Method: The backbone of this poem is the EPA’s database of Superfund sites across the United States. The words in each line of the poem are derived from documents about these sites that can be accessed by the general public. These documents contained scientific analyses of the chemical pollution on the site, potential threats to human health, and plans for cleanup. However, there was very little information describing the toll these sites took on local communities long before the EPA intervened, oftentimes leading to health problems that stretched across generations before these toxins were contained. I decided to take this impersonal, bureaucratic language used by the EPA and reconfigure it into a more honest history of these sites.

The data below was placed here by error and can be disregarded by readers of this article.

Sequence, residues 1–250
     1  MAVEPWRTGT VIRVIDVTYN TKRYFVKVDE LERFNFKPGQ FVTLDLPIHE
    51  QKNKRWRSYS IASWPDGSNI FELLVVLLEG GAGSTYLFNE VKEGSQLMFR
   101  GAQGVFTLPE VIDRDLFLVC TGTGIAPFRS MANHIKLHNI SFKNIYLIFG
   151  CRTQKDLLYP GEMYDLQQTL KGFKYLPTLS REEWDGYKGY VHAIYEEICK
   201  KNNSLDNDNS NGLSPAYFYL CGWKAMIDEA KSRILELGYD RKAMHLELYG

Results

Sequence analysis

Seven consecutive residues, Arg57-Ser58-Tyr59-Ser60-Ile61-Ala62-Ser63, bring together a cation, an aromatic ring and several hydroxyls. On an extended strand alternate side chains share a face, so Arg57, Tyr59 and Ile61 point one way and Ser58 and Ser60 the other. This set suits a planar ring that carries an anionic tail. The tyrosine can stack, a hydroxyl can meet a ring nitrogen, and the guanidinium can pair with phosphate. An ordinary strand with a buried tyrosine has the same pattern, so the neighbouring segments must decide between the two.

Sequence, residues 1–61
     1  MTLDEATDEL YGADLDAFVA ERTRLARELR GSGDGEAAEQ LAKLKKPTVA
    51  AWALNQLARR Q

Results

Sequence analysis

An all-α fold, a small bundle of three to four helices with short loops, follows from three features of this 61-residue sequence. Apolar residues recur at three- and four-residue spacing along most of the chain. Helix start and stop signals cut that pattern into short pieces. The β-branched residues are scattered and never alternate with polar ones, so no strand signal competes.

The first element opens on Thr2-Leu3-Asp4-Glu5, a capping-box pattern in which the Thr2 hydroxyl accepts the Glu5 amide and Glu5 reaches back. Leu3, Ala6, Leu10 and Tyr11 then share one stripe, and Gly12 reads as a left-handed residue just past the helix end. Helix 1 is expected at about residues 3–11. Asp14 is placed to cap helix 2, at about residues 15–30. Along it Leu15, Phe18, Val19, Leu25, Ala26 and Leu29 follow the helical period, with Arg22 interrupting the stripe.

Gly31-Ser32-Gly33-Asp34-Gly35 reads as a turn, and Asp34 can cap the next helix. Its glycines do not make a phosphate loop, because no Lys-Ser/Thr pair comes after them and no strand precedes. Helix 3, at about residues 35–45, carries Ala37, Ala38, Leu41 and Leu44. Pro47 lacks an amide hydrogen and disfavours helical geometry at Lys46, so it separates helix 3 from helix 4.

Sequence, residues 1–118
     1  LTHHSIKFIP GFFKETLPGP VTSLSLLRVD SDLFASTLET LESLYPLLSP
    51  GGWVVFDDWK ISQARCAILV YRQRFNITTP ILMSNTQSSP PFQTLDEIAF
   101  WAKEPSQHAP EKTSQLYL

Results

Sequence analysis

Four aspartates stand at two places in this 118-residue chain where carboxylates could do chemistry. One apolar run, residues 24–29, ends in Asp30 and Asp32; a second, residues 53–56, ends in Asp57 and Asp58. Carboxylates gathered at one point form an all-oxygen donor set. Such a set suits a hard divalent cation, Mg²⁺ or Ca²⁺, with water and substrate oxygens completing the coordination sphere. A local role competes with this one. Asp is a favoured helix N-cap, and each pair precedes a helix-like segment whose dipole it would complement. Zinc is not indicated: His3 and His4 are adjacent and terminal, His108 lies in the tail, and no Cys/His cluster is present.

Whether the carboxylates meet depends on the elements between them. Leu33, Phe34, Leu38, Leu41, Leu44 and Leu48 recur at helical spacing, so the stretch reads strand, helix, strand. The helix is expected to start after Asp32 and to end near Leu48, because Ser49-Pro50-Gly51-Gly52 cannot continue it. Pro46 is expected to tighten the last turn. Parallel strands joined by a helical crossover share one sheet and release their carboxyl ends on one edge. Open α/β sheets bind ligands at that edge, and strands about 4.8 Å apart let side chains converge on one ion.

Eleonor Botoman is currently a student at Barnard College studying creative writing and art history. Her writing has appeared in BUST magazine, Interiors Journal, The Barnard Bulletin, Echoes, and more. Originally from Florida, she is fascinated by the clinical language used to discuss man-made environmental disasters, climate change, and how this can influence contemporary ecopoetics.